University of Manitoba president Michael Benarroch wrote to the government in August following a June consultation meeting, and asked the government to “refrain from specifically tying funding to metrics” in order to avoid unintended consequences such as reducing accessibility.
He also asked the province not to impose metrics based on factors outside of universities’ control, such as the employment and income of graduates.
The Oct. 14 letter from BU president David Docherty explained that because the university admits any student who completes Grade 12 in order to provide education for those “who would otherwise be left out of the system,” its measurements on some academic metrics are lower than other schools.
Docherty objected to the use of graduation rates as a performance metric, arguing that many who begin schooling at BU move on to other larger institutions after they choose a specialization, and that looking only at graduation rates would obscure the contributions BU made to their education.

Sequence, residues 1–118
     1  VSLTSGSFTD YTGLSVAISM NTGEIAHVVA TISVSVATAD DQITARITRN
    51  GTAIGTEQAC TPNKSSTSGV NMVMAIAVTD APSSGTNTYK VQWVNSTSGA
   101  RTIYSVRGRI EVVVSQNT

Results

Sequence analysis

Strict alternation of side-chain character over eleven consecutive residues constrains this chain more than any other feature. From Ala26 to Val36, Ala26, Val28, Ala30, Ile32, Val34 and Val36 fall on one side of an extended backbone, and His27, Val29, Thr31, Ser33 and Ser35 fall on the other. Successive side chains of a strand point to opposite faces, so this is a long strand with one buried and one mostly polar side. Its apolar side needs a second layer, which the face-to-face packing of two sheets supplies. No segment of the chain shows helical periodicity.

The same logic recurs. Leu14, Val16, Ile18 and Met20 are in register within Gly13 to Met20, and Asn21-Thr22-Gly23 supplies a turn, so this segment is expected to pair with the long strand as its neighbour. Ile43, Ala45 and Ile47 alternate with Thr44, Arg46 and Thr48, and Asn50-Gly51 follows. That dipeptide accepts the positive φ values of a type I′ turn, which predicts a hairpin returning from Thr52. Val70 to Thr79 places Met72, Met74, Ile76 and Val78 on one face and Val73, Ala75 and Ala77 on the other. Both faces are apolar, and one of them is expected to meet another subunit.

He also stated that “as an access institution,” the school services many mature students, who may take longer to graduate as they are returning to school or learning new skills for their careers. Additionally, many Indigenous students may come to school seeking employable skills rather than a degree.
Docherty also pointed out that using post-graduate earnings as a metric ignores the many BU students who return to rural communities for work, where pay is often lower than in cities.
Research shows that performance-based funding increases financial disparities between smaller and larger institutions.
“The larger institutions with more financial capacity are able to respond more flexibly and shift resources around to work with the performance metrics,” Forbes said.
He explained that smaller universities like BU are the ones that “really suffer.”
“We know that people in the Brandon University community are concerned that if this goes ahead, Brandon University might not survive,” he said.
Shaw believes the government doesn’t “want to anger people who have been very clear” in their opposition to its plans, and has backed off for now in order to focus on issues that are more likely to help them in elections.
“I’m cautiously optimistic, but I’m not going to be fully optimistic until the next provincial election has occurred.”